sailing the socal seas

Last year, Steve took a series of sailing courses and became certified to charter sailboats up to 40′.  Hoping to weave sailing into our broader travel plans, we decided to do a test run in Southern California to see if we were up for a bigger sailing adventure (and more importantly to see if Angie’s stomach could get used to the idea).

The Channel Islands seemed a worthy destination. Visible from the coast on a rare clear day in Los Angeles, this series of islands runs from Orange County up to Santa Barbara.  Some islands are partially accessible by ferry but sailing offered a superior way to explore on our own schedule.

We rent a 32′ sailboat called License to Keel from a sailing school in Dana Point (just south of Newport Beach).  Our plan: explore Catalina for a few days, sail up north to Oxnard to pick up our friends Neil and Anna, explore Santa Cruz island for a few days, and finally cruise back down to Dana Point.

(What is it they say about the best laid plans of mice and men?)

It all begins well. Skipper Steve sails us to Catalina with the South African flag flying proudly (prompting a powerboat to motor up to us and shout greetings in Afrikaans).

Catalina Island appears suddenly through the mist looking extremely lush…

Literally hundreds of dolphins and a few seals greet us as we pull up to the harbor.

We spend two nights in Two Harbors practicing our anchoring, snorkeling, hiking and generally exploring the island. It reminds us of Kawaii–peaceful and extremely lush. Hard to believe we were only a few miles from Los Angeles.

We leave at dawn on Monday and set sail for Marina del Ray (close to our old apartment in Santa Monica).

On Tuesday, we depart early for Channel Islands Harbor in Oxnard, enjoying picking out familiar spots along the coastline as we glide easily over glassy seas. Here’s Point Dume from our boat:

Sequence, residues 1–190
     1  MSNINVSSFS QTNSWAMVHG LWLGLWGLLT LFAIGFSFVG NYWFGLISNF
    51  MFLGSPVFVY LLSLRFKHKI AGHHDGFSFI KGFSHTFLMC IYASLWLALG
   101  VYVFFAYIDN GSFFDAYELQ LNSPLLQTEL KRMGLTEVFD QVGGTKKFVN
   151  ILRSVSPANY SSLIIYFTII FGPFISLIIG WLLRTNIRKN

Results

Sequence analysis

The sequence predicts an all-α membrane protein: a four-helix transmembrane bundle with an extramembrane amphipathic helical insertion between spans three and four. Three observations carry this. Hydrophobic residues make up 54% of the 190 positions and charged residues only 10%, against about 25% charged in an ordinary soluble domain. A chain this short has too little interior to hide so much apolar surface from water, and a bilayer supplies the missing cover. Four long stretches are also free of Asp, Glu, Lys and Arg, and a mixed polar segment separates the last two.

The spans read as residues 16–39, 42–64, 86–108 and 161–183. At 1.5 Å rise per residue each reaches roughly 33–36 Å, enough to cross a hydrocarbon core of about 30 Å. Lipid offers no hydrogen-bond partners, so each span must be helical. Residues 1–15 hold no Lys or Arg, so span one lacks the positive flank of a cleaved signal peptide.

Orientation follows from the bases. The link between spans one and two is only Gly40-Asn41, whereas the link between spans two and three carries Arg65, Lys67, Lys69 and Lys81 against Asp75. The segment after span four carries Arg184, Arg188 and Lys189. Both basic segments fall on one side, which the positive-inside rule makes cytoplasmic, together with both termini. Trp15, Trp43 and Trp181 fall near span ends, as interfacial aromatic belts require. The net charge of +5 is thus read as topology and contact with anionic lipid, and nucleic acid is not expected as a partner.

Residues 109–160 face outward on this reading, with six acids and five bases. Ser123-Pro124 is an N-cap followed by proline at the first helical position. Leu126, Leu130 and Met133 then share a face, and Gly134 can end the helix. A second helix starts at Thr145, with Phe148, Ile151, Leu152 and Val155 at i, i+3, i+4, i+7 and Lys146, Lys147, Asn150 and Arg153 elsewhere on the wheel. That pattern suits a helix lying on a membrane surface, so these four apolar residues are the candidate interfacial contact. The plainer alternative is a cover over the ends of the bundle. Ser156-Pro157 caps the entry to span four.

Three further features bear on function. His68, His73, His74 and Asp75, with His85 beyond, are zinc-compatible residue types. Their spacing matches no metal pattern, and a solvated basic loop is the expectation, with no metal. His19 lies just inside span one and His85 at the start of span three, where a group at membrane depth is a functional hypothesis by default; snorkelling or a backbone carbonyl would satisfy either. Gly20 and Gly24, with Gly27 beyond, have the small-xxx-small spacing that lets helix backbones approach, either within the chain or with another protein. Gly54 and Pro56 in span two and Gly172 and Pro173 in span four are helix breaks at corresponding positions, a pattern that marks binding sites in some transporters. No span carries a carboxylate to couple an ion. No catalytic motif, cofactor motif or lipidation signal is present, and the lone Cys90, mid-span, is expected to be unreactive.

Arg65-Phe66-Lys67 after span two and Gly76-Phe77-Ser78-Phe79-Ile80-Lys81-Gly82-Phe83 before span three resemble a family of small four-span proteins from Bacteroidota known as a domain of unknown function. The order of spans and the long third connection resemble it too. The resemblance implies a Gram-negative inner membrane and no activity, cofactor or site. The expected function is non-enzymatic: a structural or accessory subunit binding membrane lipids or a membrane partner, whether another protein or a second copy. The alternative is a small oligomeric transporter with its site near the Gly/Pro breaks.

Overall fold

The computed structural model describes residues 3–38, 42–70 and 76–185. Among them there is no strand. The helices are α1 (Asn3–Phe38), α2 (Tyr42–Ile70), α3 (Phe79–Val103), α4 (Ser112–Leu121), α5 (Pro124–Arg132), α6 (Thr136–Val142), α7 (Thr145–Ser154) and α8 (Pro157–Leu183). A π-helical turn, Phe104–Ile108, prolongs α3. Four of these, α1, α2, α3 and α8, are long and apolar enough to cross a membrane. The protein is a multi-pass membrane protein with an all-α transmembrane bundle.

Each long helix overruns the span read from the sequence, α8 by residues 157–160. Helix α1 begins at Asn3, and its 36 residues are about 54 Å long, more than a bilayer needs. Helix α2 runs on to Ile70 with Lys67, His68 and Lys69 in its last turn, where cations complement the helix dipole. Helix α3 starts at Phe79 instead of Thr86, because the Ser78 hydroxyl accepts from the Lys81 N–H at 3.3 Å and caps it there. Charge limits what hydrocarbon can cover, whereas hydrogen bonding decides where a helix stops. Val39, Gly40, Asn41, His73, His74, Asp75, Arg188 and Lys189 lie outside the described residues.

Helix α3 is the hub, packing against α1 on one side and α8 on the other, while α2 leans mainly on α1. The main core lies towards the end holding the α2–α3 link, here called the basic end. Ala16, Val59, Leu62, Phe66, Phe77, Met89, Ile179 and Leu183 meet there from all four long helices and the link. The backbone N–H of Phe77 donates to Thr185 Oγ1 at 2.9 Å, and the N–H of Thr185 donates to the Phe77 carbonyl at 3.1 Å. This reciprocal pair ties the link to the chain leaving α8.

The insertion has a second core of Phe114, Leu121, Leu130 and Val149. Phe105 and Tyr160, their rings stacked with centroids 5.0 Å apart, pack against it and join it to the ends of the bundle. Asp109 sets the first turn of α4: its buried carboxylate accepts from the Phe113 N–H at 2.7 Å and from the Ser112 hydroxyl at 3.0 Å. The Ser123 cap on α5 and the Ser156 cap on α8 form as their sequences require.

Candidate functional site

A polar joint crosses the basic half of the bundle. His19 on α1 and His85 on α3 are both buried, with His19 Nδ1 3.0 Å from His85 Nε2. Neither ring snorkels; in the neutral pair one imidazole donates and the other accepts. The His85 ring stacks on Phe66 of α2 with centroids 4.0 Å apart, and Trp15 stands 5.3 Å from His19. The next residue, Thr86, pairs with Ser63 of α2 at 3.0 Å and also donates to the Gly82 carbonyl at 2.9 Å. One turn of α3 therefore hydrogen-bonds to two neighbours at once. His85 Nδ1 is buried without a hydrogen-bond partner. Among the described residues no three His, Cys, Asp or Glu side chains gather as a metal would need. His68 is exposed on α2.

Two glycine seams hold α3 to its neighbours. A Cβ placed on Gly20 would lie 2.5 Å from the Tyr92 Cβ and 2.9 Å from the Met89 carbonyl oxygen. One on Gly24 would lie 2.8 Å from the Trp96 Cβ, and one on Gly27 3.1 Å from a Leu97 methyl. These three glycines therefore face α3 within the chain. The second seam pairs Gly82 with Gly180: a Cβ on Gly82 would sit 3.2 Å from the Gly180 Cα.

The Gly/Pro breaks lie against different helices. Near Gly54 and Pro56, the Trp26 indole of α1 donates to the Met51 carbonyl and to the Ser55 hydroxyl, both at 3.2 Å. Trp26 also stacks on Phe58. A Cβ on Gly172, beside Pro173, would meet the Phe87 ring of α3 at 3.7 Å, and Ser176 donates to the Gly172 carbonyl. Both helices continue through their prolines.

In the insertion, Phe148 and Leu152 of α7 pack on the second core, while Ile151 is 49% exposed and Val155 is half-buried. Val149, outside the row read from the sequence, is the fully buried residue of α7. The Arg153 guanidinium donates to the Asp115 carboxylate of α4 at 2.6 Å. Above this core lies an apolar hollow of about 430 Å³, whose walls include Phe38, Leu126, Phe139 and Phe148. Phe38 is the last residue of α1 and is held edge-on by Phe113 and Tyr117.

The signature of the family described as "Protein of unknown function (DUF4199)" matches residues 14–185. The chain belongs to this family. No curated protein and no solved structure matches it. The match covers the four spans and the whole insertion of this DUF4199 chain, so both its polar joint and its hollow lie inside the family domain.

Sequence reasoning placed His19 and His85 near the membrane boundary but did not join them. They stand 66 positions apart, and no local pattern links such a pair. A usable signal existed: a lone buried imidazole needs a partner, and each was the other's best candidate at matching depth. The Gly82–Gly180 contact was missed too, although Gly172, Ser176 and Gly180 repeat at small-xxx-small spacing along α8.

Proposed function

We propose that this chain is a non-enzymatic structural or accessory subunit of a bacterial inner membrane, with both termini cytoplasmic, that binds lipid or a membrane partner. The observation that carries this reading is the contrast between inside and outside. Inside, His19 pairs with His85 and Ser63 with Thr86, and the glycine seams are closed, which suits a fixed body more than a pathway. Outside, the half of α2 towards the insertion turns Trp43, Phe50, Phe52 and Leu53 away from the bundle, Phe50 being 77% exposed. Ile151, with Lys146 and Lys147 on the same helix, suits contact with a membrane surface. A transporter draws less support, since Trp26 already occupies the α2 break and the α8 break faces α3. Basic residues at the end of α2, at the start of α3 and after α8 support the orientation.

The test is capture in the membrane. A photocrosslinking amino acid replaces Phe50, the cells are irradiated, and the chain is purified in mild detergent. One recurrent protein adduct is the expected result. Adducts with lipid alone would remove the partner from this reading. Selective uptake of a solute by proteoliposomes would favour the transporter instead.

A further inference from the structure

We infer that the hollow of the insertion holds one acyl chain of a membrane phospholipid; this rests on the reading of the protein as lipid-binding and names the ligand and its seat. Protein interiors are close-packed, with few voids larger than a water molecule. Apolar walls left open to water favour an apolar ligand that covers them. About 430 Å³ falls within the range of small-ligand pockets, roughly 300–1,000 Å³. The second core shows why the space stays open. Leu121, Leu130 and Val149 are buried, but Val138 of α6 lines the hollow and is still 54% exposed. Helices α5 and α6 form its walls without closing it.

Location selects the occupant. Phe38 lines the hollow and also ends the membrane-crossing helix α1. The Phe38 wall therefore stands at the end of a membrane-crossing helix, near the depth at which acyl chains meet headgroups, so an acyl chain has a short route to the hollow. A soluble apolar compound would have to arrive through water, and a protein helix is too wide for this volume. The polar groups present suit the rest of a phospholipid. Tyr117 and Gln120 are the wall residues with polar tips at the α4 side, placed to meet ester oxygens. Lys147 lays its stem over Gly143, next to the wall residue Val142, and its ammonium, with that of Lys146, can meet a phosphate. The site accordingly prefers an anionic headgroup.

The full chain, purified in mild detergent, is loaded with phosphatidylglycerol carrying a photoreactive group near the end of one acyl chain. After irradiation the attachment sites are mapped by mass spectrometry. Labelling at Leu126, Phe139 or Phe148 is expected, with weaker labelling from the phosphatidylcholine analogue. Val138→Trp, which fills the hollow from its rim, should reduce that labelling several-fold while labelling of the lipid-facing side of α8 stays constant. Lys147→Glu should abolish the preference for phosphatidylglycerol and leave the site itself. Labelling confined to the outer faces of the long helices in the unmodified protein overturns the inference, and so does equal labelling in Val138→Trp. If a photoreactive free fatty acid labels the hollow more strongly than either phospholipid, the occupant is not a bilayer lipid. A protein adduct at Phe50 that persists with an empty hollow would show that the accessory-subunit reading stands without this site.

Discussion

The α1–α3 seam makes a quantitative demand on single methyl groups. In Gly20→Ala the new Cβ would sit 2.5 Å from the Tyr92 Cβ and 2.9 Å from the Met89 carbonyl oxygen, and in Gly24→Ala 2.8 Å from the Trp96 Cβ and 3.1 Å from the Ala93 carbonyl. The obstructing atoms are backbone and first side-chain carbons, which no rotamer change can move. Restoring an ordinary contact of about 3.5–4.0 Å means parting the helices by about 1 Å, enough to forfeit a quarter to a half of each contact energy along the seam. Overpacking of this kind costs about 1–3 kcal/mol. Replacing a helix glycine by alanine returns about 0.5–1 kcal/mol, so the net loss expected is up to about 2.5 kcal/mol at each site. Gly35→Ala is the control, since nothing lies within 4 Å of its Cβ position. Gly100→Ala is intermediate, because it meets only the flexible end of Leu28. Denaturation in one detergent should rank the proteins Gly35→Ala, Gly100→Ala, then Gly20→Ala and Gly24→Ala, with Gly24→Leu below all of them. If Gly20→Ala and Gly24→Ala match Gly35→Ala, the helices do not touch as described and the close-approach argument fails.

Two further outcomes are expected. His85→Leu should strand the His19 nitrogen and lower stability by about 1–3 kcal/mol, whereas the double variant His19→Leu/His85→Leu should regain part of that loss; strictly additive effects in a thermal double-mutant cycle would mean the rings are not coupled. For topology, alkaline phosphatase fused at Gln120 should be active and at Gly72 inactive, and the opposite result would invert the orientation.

And more sea life.

Things are going extremely well until about noon when our GPS informs us that we are just two hours from our destination.  Unfortunately, this is to be the inflection point of our trip!  As we round Point Mugu and head into the infamous ‘windy lane,’ the once calm seas start to build aggressively until we feel like we were on the set of a bad Hollywood movie.  At the same time, a substantial headwind picks up and our pace slows to a bumpy crawl.  It is at this moment that our engine dies!

Unfortunately, we were too busy surviving to capture the moment on camera but if we did have photos, the captions would go something like this:

  • “Donning ill-fitting life jackets in epic swells.  Boat heels to horizontal as we tack pointing straight up one moment and straight into the sea the next!”
  • “Angie graciously feeds the fish – with Steve grasping life jacket to prevent an unplanned overboard drill”
  • “View of stationary mountains that refuse to change for hours, because beating into a headwind without an engine. felt. like. we. were. not. moving. [At what point do we call the coast guard?]”
  • “Sun setting.  Will we make it to the harbor before dark or should we get ready for a night at sea?”
  • “Phew! We sail safely into harbor as the sun goes down.  The day goes down as a ‘character building’ experience.”